It also recognizes cross-border prostitution trafficking, and anyone caught bringing a girl below the age of 21 into India from another country with the intention of forcing her into illicit relations with another person or knowing it is probable that she will be seduced into doing so faces up to ten years in prison as well as a fine.


Indian Constitution

The Indian Constitution forbids human trafficking and upholds many of the widely recognised different human rights principles, including one's right to life and personal autonomy, gender freedom, and access to legal remedies. One of the essential rights guaranteed to everyone in India is the right to be protected from exploitation.


The Juvenile Justice Act, 2000

There is no differentiation between an underage person and a child in accordance with this Act. Children are all those who are below the age of eighteen. a youngster in need of protection and care (National Legal Research Desk 2016). The Scheduled Castes and Scheduled Tribes Act of 1989, which prohibits atrocities against such groups:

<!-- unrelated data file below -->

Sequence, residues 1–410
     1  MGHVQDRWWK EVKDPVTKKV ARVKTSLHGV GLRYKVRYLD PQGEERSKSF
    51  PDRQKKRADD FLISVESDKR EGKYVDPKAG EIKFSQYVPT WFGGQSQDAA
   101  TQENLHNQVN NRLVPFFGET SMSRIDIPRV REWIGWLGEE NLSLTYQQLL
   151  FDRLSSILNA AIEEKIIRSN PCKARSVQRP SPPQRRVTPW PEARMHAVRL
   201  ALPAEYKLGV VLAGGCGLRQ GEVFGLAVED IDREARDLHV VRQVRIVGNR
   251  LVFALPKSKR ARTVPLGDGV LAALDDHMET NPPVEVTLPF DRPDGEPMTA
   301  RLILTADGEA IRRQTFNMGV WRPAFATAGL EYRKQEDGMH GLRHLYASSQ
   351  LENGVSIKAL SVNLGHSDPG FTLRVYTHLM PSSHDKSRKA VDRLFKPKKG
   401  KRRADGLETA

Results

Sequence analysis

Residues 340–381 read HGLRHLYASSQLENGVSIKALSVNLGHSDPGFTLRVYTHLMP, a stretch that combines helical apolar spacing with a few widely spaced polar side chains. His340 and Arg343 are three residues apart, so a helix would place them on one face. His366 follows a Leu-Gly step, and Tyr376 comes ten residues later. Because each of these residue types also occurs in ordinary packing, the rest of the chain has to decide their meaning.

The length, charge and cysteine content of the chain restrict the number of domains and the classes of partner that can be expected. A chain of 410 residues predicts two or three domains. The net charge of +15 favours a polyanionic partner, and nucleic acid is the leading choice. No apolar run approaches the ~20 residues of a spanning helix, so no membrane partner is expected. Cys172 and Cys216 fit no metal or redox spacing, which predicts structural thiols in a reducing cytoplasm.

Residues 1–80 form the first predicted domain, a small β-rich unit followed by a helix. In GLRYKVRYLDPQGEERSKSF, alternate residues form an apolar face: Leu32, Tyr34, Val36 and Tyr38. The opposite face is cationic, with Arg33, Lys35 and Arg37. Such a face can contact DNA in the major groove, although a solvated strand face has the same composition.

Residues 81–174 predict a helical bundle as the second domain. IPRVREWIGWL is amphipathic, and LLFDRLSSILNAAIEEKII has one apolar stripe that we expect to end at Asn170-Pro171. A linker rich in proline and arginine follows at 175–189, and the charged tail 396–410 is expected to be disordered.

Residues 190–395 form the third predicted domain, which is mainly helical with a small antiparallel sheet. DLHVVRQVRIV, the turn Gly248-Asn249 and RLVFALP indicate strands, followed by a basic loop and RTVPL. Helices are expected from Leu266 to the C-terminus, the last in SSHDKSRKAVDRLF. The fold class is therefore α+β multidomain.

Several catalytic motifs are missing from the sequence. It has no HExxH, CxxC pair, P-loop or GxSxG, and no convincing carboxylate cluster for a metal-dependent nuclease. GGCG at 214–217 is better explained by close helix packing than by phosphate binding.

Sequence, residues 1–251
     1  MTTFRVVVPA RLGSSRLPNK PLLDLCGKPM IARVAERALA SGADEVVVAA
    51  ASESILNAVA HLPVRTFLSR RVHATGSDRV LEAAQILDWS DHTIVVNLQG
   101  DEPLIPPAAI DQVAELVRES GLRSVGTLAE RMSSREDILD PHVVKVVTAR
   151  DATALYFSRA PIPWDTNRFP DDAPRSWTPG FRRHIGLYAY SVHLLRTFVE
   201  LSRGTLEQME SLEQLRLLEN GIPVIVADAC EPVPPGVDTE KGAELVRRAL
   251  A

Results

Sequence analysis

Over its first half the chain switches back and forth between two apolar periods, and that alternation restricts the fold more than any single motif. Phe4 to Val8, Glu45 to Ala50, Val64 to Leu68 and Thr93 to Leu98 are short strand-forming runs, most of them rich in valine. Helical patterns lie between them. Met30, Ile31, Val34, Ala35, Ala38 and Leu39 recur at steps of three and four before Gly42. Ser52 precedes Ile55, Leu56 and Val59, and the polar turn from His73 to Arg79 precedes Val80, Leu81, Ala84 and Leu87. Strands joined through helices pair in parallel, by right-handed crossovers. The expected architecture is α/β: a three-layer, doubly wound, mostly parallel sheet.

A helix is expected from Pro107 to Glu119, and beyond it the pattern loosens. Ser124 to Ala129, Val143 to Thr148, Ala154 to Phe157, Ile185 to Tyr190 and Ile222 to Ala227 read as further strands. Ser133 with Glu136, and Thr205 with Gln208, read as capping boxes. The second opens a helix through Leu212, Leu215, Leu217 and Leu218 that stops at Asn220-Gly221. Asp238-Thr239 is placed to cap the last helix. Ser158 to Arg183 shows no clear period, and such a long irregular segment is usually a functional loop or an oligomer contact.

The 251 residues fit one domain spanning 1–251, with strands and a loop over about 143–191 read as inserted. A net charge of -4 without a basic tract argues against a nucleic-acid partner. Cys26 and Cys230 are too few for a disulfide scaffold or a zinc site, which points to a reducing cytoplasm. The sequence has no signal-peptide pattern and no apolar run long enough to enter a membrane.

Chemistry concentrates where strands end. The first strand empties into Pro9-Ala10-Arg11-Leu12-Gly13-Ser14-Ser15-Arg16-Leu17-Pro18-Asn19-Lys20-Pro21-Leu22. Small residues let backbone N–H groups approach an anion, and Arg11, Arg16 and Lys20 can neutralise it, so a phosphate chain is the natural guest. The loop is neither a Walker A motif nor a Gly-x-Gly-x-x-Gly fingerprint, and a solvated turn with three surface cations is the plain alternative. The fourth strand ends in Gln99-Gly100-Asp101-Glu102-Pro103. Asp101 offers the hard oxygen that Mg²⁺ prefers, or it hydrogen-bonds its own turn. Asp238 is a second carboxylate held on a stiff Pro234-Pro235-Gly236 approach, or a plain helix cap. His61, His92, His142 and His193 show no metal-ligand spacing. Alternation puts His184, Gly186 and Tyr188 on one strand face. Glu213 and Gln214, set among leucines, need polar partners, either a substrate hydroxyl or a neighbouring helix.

Numerous victims of trafficking are members of underrepresented communities. Only areas that are illiterate and socially underdeveloped are targeted by traffickers. This provides a further tool to protect women and girls who are members of scheduled castes and tribal groups and also places more of a duty on traffickers or offenders to demonstrate their lack of complicity in the crime.


This statute can be utilised to effectively combat human trafficking if the perpetrator knows the victim is a member of one of these groups. Atrocities perpetrated against members of Scheduled Castes and Scheduled Tribes are covered in Section 3 of this Act. It covers several types of trafficking, including the exploitation of women for sexual purposes and coerced or bonded labour. If the crime is covered by Section 3, initial punishment of nine months is mandated, and it may be increased to a five-year sentence.


CONCLUSION

To ensure that the laws against human trafficking are effective in preventing the crime, they must be tightened. To stop people from becoming victims, human trafficking must be made known to those who live below the poverty line throughout the nation. The country can host a number of national and international conferences and seminars so that the general public and the government can work together to stop human trafficking.


In order to prevent them from becoming victims of human trafficking, the government must provide protection for the most vulnerable members of society. Only those who fall below the poverty line become victims of human trafficking, thus the crime can be considerably reduced if the government assists the underprivileged members of society and offers them access to suitable job and education.